(unintended) corporate sponsorship...

[this week's post is (unintentionally) brought to you by whatever clown Amazon pays to make their shipping decisions. or... what to do with all the packing material you end up with when a toaster-sized item arrives in a bathtub-sized box.]

back in my Botanic Garden days, we came across something called a paper pot maker and decided to give it a try. it is a wooden contraption that is used to turn sheets of newspaper into small pots suitable for starting seeds and raising transplants for the garden. it is based on a simple idea: wrap a long strip of paper around a cylinder and fold the lower edges inward to form a bottom to the resulting cup. it is an economical alternative to the commonly-employed peat pot—especially if you happen to have a handy supply of newspaper, packing paper, or even paper grocery bags. however, you can easily produce the same results without the paper pot maker. enter packing material (thanks Amazon) and cans.

i used two adjacent sheets of packing paper for each pot...

folded in thirds to form a long strip.

make sure the strips of paper are long enough to be wrapped around the container at least two times. additionally, select a can with a concave base, as it makes it easier to form the bottom of the pots.

position the can along one edge of the strip...

and roll.

i added a piece of tape to secure the paper, but this is an optional step.

turn the can upside down and begin to fold the paper inward...

until you have formed the bottom to the pot. this is where that concave bottom comes in handy.

turn the can over and press firmly against a hard surface to set the crease along the bottom edge...

then carefully slide the pot from the can. et voilĂ !!!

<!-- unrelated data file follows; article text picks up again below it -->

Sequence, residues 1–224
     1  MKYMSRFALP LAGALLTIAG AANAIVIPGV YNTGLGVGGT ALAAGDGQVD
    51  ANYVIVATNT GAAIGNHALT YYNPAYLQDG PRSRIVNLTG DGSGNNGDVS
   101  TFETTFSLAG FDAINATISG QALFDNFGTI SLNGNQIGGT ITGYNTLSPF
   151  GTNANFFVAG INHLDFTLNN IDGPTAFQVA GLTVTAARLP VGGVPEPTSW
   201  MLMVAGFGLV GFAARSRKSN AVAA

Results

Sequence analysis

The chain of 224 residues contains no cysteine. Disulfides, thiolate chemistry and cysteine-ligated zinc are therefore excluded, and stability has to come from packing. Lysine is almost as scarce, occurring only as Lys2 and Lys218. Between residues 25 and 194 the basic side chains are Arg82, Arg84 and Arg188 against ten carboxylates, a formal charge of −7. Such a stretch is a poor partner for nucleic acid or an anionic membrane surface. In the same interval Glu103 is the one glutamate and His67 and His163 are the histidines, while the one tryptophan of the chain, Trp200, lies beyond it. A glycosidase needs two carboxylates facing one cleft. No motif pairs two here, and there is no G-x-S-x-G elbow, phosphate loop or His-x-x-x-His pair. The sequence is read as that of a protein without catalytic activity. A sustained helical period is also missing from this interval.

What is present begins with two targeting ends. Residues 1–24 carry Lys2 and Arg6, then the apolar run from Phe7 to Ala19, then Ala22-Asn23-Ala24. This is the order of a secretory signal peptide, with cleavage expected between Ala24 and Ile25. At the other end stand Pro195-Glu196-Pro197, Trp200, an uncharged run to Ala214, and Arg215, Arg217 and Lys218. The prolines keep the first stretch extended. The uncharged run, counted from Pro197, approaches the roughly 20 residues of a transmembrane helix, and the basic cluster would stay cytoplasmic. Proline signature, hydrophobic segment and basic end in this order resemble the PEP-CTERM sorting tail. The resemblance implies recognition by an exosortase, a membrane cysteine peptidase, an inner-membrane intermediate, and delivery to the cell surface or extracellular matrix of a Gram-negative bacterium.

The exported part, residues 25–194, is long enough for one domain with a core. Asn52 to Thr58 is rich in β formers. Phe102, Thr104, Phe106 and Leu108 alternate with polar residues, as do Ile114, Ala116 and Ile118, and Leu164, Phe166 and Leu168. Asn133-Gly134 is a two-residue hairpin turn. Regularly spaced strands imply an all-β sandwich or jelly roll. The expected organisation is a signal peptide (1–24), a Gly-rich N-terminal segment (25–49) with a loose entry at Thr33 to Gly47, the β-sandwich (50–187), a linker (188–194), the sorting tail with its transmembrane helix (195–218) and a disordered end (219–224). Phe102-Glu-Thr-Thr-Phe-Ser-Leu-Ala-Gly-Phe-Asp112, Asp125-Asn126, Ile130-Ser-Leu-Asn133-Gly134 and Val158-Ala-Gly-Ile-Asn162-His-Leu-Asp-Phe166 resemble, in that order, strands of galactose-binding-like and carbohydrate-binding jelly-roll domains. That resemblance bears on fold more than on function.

check out that tight bottom!

i switched to the other can (it was a bit larger), but the process was the same. fold, wrap, tape, crease, remove, then rinse-and-repeat until you have the required number of pots.

i used two soils mixtures: an all-purpose potting soil (left) and a seed-starting soil (right). the seed-starting mixture is more finely ground, making it easier for delicate seedlings to work their way to the the surface, while the potting mixture will provide an adequate growing medium for the developing plants. the white stuff (that looks like styrofoam) is perlite, an expanded volcanic glass that is used to reduce compaction in the soil and to aid in moisture retention.

pro tip: dampen the soil before filling the pots. how damp? enough that it can be squeezed into a clump...

 but will still crumble apart like wet sand.

add potting mix to within one inch of the top.

and repeat for the remaining pots.

now comes the easy part. take some seeds from a pack and sprinkle a few into each pot. they will be thinned out as they grow.

cover the seeds with about half an inch of the seed-starting mixture (also dampened) and take a moment to celebrate. i went for a short walk to the kitchen and returned with refreshment of the liquid kind.

i drank the wine and cut up the juice container (it was rinsed out before going into the recycling box).

one permanent marker later, and i had waterproof labels

there were also bunching onion seeds...

which were planted in rows in a strawberry container.

and parsley seeds...

which were placed into the cap of the juice carton and are (still) soaking in water to facilitate germination.

everything was given a gentle watering and placed on a table near a bright window.

all i have to do now is to water regularly and wait... and it might help if i remember to plant that parsley before i fall asleep.

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